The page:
Tax cuts, health-care costs and overregulation--these are all pivotal issues that helped drive more than 20 million small-business owners to the polls this midterm election. But will entrepreneurs be satisfied with the outcome of the election? To get an insider's opinion on how the Democratic shift in Congress will affect the future of small business, we spoke with Rep. Nydia Velázquez (D-NY), current ranking Member of the House of Representatives' Small Business Committee.
Entrepreneur.com:How will the results of this election impact the SBA?
Rep. Velázquez: Over the past five years, the SBA budget has been cut by 60 percent and has dwindled from a Cabinet-level agency to one that rarely has a seat at the table. As chair of the House Small Business Committee, I will focus on restoring the SBA to the economic powerhouse it once was.
Entrepreneur.com:Will there finally be a decision on health-care plans?
Velázquez: Today, small businesses suffer disproportionately from escalating health-care costs, and they're demanding action on this issue. I am motivated to work on a bipartisan basis to develop a solution that will provide small businesses and their employees with affordable health care.
Entrepreneur.com:What sorts of legislation or programs should entrepreneurs expect to see going through the House in the near future?
Velázquez: Entrepreneurs can expect to see a number of legislative initiatives to address their most pressing concerns. We will proactively develop policies aimed at reducing the cost of capital, encouraging greater small business participation in the federal marketplace and, most important, reauthorizing the SBA to ensure that its programs are fully funded and able to meet the needs of small businesses--the engines of our economy.
Entrepreneur.com:When could we expect to begin seeing changes?
Velázquez: I am energized, under our leadership, to undertake a pro-small business agenda immediately. Speaker Pelosi has set ambitious goals for the new Congress, and I look forward to this renewed opportunity to advance the interests of small businesses with vigor and enthusiasm.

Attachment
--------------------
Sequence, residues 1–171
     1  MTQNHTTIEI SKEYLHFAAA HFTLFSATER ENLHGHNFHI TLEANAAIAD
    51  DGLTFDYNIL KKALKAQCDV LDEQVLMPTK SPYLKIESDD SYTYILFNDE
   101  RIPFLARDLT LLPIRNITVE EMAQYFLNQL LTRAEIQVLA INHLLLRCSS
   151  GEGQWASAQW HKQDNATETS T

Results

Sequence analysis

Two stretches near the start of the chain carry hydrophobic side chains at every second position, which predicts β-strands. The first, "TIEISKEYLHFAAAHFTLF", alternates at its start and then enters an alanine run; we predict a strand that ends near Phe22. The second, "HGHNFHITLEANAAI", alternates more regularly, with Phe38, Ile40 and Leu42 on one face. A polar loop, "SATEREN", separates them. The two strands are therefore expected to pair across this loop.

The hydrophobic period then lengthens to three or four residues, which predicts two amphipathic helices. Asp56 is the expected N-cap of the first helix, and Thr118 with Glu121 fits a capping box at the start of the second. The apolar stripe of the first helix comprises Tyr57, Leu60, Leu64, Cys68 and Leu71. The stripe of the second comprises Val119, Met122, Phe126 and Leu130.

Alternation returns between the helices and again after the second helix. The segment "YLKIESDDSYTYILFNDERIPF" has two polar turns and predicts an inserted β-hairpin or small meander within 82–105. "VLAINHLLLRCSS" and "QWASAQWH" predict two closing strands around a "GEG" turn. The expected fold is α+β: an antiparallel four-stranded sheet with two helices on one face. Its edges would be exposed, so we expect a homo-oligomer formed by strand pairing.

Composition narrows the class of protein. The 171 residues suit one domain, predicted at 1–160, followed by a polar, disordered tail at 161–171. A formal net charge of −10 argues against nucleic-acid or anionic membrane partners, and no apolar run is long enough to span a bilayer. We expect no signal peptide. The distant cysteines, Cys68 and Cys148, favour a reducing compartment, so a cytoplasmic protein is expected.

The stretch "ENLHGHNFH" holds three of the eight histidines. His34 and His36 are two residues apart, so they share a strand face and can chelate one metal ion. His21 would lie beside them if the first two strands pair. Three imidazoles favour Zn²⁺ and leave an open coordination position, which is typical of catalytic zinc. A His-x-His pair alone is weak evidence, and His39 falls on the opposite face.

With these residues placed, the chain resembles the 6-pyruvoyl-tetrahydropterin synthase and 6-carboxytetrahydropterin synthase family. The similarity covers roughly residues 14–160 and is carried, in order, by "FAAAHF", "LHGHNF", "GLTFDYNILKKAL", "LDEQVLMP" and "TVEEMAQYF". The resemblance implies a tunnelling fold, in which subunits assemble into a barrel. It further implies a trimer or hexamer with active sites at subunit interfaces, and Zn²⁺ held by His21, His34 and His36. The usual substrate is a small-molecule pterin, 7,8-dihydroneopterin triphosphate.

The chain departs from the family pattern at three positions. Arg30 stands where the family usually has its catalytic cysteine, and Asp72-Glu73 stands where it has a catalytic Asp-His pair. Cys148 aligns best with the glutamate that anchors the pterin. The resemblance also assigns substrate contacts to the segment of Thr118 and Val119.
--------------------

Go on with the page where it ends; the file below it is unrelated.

Entrepreneur.com:Prior to the election, a Wells Fargo/Gallup poll showed that business owners were expected to vote in record numbers this election. What set this election apart from previous years?
Velázquez: For too many years, small businesses have been promised solutions for the myriad of problems they face--from tax and regulatory burdens to higher costs for health care and energy. They grew tired of waiting for a response and went to the polls to make it clear that they want action.
Entrepreneur.com:Entrepreneurs have expressed concerns regarding the burdens of overregulation and a complex tax code. How do you think election results will impact these issues?
Velázquez: Today, small businesses pay at least 45 percent more to comply with regulations than their corporate competitors, and this burden has become increasingly troublesome over the past five years. Entrepreneurs have especially felt the impact of regulations with regard to the complex tax code that's currently in place. One of our top priorities will be working with the business community and the IRS to simplify the tax code. An important first step will be requiring the IRS to publish codes and regulations in plain English. We also need to establish initiatives that would provide compliance assistance to small firms and coordinate regulations between the local, state and federal levels of government to reduce regulatory redundancies. Measures such as these will ultimately give small businesses more time to focus on their most important objective--growing their businesses.
Entrepreneur.com:Do you think entrepreneurs will be satisfied with the outcome of the election?
Velázquez: Commitments have been made to give our nation's small businesses the tools that they need to succeed, and if Congress and the administration work together in a bipartisan fashion, we will effectively address their needs. I intend to uphold my commitment to our nation's entrepreneurs and help them do what they do best--run their businesses.